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Title: Enhancing local air quality management in Wales to maximise public health awareness, integration, collaboration and impact
Author: Brunt, Huw A.
ISNI:       0000 0004 7431 7641
Awarding Body: University of the West of England
Current Institution: University of the West of England, Bristol
Date of Award: 2018
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Air pollution is a significant public health concern. The UK Local Air Quality Management (LAQM) regime mandates collaborative action to reduce air pollution to protect health. Despite having this aim, LAQM is disconnected from broader public health policy and practice. Several LAQM ‘structure’ and ‘process’ limitations have likely contributed to this unsatisfactory situation and LAQM’s failure to deliver effective ‘outcomes’. Two main shortfalls are to blame: prescribed risk assessment and management processes that are too narrow in public health scope, and a poor recognition of the value contribution that public health bodies and specialists could and should make to support LAQM. With Wales selected as the research study area, this research explored LAQM shortfalls through complementary research strands, framed by a mixed-methods approach and a convergent parallel study design. The first of these research strands – an ecological study – linked air pollution, deprivation and health data to assess associations and determine the merits of broadening the public health scope of LAQM. The second – a Delphi study – formed expert consensus on the role of public health in LAQM, and defined the value added by, and opportunities, barriers and solutions to, increasing public health awareness, integration and collaboration in LAQM. Research outcomes were subsequently mixed, validated and evolved to develop a suite of drivers (and linked recommended enabling actions) to support new public health-driven ways of working in LAQM in Wales. The ecological study found that interactions between air pollution and socio-economic stressors modified and compounded associations with important health outcomes. Thus, there is merit in considering air pollution problems and solutions in the context of broader public health priorities. Further, aligning risk reduction actions with principles of proportionate universalism could achieve greater health gain. Through the Delphi study, experts agreed that public health bodies and specialists could and should do more to support LAQM, and proposed enhanced ways of working around assessing risks, integrating LAQM action with the ‘day job’ (and vice versa), appraising and interpreting evidence, and undertaking research and evaluation. These, together with a better application of core public health skills such as authoritative communications, policy development advocacy, and change leadership, could add value to LAQM. Integrating, validating and evolving this evidence – the latter achieved through a workshop and case study interviews with experts – informed proposals for new public health-driven ways of working in LAQM in Wales. These are underpinned by the primary drivers of risk assessment and management approaches of broader public health scope, stronger public health support, and full integration of LAQM with wider public health policy and practice. In conclusion, this research makes a compelling case for LAQM enhancement through better public health awareness, integration and collaboration. While evidence-based drivers for change can help guide LAQM evolution, stakeholders must still commit to enable and achieve them. The positive impacts resulting from fully connected LAQM and public health policy and practice have the potential to ripple way beyond the LAQM arena to help tackle wider linked public health and wellbeing priorities.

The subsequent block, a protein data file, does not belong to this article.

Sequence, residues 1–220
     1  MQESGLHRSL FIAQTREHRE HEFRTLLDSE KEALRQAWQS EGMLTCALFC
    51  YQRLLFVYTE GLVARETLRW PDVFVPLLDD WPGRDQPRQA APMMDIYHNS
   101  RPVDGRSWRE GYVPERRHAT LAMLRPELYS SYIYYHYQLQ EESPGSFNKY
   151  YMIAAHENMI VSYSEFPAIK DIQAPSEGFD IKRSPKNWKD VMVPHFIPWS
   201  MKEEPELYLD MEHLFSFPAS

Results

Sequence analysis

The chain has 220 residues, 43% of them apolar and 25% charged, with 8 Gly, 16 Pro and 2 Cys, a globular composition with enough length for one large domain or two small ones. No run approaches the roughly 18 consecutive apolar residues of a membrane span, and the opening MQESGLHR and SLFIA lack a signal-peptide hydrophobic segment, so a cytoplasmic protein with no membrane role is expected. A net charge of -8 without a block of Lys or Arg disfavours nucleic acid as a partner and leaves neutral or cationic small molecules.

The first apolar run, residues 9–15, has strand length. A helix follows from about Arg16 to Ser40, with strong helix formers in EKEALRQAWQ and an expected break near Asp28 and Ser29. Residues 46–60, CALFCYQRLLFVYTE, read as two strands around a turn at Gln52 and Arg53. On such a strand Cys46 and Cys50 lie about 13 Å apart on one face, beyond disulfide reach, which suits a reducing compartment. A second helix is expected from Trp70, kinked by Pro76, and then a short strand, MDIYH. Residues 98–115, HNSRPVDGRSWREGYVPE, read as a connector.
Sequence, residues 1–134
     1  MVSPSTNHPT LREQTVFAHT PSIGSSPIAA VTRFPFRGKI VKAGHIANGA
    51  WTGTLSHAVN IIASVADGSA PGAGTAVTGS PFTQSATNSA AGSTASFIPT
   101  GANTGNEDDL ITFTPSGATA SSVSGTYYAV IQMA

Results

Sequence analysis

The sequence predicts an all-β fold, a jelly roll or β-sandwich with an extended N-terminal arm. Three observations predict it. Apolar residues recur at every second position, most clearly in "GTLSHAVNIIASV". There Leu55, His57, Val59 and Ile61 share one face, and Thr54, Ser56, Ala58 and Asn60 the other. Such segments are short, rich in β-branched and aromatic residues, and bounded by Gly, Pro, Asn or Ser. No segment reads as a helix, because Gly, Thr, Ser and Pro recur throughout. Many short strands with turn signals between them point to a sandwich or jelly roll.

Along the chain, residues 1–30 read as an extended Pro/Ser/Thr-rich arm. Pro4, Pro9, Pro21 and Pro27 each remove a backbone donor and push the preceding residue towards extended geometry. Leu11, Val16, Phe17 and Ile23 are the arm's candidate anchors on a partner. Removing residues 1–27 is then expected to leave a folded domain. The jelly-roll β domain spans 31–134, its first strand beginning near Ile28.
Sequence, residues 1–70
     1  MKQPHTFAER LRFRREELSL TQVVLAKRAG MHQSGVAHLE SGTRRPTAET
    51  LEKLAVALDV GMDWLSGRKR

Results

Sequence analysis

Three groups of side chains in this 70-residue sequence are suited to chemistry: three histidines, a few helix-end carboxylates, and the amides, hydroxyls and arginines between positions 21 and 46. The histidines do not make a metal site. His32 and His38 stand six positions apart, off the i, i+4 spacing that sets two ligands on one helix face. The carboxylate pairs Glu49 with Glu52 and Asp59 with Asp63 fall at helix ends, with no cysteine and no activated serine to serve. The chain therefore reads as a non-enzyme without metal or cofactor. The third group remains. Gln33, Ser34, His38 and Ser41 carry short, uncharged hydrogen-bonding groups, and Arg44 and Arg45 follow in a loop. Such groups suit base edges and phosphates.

Supervisor: Not available Sponsor: Not available
Qualification Name: Thesis (Ph.D.) Qualification Level: Doctoral
EThOS ID:  DOI: Not available
Keywords: local air quality management ; public health ; integration ; collaboration ; delphi